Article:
Singapore is moving toward uncharted territory by mulling a draft bill on transboundary haze pollution. The bill is a response to the haze problem allegedly caused by Indonesia's forest fires.
The bill consists of three key features: extraterritoriality, criminal liability and civil liability. It will impose sanctions on any entity, regardless of nationality, whose activities outside of Singapore contribute to pollution in the country. Penalty for offenders can be up to S$450,000 and avenues to recover damages are made available.
Currently, the bill is still in public consultation until mid-March this year.
Coming from a country like Singapore, this bill is both unprecedented and inspiring. However, extraterritoriality, including criminal extraterritoriality, is nothing new in international law.
Indeed, it's not a new invention, it has been done, and ironically, Singapore is at the forefront of the fight against extraterritoriality.
Back in 2008, the European Union passed a regulation on the Emission Trading Scheme for the aviation sector (ETS). In this scheme, airplanes flying to Europe, regardless of from where they departed, Johannesburg or Singapore, have to pay levy.
The problem that many believed, including Singapore, was that aircraft flying from one point, for example Changi Airport, would fly many hours above non-EU territory before entering the EU space for only around 2 hours. Thus, they see this as unfair levy imposed extraterritorially.
Singapore, along with other countries, rejected the extraterritoriality of the ETS at the 194th Session of International Civil Aviation Organization (ICAO) Council and urged the EU to refrain from including flights by non-EU carriers to and from an airport in the territory of an EU member state as it is inconsistent with applicable international law.
In 2012, through the Joint Declaration of the Moscow Meeting, Singapore demanded the EU and its member states cease application of the ETS to airlines/aircraft operators registered in non-EU states, or else there will be countermeasures.
Singapore's bill on transboundary haze pollution exactly emulates the EU ETS in the aviation sector. Some will argue otherwise, the two are just the same wolf in different color of sheep jackets: foreign polluters must be punished.
This is the logic behind the EU ETS in the aviation sector and Singapore's transboundary haze bill.
Transboundary pollution is a regional issue, but criminal extraterritoriality in the transboundary pollution bill is not the remedy. It needs mutual trust and regional collaboration. The ASEAN Agreement on Transboundary Haze Pollution is one way to achieve progress.
However, even within the context of the ASEAN Agreement, the issue of extraterritoriality, including criminal extraterritoriality, is not stipulated. All ASEAN countries are aware of the fact that criminal punishment of foreign-based pollution is not doable, and politically and legally impossible. Even in Europe, where transboundary pollution is well regulated, the EU member countries of any particular treaties do not stipulate criminal extraterritoriality.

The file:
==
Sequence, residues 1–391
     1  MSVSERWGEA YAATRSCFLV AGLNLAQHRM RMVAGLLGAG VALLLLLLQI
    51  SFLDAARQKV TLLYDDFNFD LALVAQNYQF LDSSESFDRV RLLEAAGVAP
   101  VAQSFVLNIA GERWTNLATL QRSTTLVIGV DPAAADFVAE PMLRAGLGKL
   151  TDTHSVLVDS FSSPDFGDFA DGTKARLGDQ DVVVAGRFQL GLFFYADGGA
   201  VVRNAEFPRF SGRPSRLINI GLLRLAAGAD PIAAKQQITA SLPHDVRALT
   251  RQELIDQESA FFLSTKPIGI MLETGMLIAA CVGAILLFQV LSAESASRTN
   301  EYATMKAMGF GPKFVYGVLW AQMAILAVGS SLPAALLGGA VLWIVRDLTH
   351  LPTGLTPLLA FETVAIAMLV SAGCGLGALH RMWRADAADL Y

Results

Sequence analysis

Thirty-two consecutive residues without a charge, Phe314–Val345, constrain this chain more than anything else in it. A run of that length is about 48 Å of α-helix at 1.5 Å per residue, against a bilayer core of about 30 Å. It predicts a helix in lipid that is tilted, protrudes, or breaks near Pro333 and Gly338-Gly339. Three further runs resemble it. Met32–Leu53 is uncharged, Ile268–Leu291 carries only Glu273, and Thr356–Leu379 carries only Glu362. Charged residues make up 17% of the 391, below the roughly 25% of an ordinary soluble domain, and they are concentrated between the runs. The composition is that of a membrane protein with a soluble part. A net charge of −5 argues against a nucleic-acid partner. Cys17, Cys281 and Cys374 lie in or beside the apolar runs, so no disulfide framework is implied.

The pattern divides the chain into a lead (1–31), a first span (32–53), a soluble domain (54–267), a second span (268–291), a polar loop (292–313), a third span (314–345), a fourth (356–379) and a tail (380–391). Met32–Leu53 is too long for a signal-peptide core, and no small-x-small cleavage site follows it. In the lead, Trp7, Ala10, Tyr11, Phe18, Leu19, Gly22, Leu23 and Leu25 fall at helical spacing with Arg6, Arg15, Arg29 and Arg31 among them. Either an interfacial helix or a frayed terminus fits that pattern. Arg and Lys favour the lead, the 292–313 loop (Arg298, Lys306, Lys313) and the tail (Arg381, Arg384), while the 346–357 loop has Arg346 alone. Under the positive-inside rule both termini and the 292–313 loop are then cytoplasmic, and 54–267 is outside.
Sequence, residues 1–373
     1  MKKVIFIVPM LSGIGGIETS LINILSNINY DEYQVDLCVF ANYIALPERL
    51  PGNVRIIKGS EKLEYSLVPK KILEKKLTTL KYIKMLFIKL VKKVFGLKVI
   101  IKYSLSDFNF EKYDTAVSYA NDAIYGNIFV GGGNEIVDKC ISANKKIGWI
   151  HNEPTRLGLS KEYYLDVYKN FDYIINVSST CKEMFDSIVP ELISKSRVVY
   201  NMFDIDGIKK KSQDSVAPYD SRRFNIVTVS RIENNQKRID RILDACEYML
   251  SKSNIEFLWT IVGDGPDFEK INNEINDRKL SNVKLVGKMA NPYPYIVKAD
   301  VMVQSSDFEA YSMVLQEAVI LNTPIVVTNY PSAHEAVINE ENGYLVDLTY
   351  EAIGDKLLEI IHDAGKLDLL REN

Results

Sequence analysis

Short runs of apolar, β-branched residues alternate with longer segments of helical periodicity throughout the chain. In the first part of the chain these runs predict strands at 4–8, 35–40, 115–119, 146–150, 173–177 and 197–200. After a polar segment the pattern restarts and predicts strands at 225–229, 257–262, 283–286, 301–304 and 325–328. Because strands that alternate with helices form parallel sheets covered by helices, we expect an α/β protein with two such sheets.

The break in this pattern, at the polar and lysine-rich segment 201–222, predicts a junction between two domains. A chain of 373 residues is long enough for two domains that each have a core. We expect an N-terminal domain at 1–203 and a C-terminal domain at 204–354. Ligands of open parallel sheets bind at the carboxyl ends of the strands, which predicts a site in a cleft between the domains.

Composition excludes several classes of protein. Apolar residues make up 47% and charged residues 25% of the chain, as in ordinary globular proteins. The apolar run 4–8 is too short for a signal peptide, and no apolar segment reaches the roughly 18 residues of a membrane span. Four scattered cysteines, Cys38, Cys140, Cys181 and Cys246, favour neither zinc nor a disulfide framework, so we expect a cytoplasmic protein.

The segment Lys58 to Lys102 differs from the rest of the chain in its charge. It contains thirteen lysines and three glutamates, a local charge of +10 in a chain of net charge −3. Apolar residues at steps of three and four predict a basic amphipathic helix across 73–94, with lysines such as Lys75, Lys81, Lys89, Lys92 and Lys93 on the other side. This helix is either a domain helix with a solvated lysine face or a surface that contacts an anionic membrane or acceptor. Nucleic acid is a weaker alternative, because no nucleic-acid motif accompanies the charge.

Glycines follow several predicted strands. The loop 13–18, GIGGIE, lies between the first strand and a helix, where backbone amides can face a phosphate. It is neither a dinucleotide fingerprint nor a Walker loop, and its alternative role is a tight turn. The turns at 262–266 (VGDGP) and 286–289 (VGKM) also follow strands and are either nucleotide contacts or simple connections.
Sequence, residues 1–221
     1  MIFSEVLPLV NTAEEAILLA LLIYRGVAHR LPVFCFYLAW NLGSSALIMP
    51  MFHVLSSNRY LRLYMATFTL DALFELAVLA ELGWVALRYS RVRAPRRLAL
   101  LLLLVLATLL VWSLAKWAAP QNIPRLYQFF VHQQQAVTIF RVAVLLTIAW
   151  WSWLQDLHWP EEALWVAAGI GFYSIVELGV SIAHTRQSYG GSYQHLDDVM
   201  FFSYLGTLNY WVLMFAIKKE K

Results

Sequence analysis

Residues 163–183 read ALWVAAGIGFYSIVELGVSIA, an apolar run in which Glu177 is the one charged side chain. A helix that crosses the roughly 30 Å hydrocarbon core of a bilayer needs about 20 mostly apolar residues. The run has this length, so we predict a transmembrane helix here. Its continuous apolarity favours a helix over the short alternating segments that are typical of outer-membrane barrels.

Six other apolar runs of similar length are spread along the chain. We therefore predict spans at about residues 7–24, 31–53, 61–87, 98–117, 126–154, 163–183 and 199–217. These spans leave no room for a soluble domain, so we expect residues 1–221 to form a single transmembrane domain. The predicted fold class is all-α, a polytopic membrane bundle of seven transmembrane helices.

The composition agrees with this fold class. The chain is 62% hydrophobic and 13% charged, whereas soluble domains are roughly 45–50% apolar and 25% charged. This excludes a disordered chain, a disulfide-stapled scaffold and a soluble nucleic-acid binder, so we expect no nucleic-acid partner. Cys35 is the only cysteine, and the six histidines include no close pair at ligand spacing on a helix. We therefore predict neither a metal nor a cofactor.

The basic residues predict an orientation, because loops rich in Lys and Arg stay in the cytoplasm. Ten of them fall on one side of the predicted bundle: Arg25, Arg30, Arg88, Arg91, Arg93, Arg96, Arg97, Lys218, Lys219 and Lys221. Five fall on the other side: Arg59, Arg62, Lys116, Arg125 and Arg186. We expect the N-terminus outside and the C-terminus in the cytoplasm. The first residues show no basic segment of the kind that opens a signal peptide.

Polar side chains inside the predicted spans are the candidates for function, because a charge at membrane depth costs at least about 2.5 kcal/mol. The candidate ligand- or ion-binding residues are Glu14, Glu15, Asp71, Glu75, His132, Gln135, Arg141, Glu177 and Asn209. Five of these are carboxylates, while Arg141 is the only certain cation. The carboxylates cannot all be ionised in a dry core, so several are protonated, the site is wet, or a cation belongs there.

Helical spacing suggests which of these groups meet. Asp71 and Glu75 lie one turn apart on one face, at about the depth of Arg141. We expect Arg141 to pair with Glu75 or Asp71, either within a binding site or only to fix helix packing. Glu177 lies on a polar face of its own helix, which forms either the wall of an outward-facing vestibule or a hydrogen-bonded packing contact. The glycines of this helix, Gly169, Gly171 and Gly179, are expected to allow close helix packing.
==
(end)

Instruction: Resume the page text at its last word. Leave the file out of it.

Transboundary pollution is a regional issue, but criminal extraterritoriality in the transboundary pollution bill is not the remedy.
The Indonesian government is, of course, in favor of adopting the ASEAN Agreement on Transboundary Haze Pollution. The agreement provides a regional framework of cooperation on this issue and it is in line with the spirit of the ASEAN community and solidarity.
However, Indonesia is a democracy in which the House of Representatives could say something different, as provided by the Constitution.
We have seen, for instance, the most powerful country in the world today, the United States, whereby its government has agreed on the ratification of the United Nations Convention on the Law of the Sea (UNCLOS), but the Congress refused; well, we have to live with the fact.
Now, while we are in the process of ratifying the ASEAN Transboundary Haze Pollution Agreement, what we can do is adopt another form of cooperation that is technically feasible like what we have signed with Norway.
Indonesia has creatively created a partnership with Norway which involves US$1 billion in forest management under a reducing emissions from deforestation and forest degradation (REDD) project.
Transboundary pollution is a complicated issue. It concerns not only cross border pollutions but also pollutions that involve a legal activity, an activity that is purely legal, purely acceptable, but has side effects, such as flights of foreign airlines in Indonesian air space and foreign vessels passing Indonesian territory.
These activities create pollution in Indonesia, and this is something that we, Indonesia, need to deal with.
Nevertheless, the Singaporean Bill on Transboundary Haze Pollution that has criminal extraterritoriality element should actually inspire Indonesian policymakers to think out of the box.
The writer is an Indonesian diplomat in Brussels. The views expressed are his own.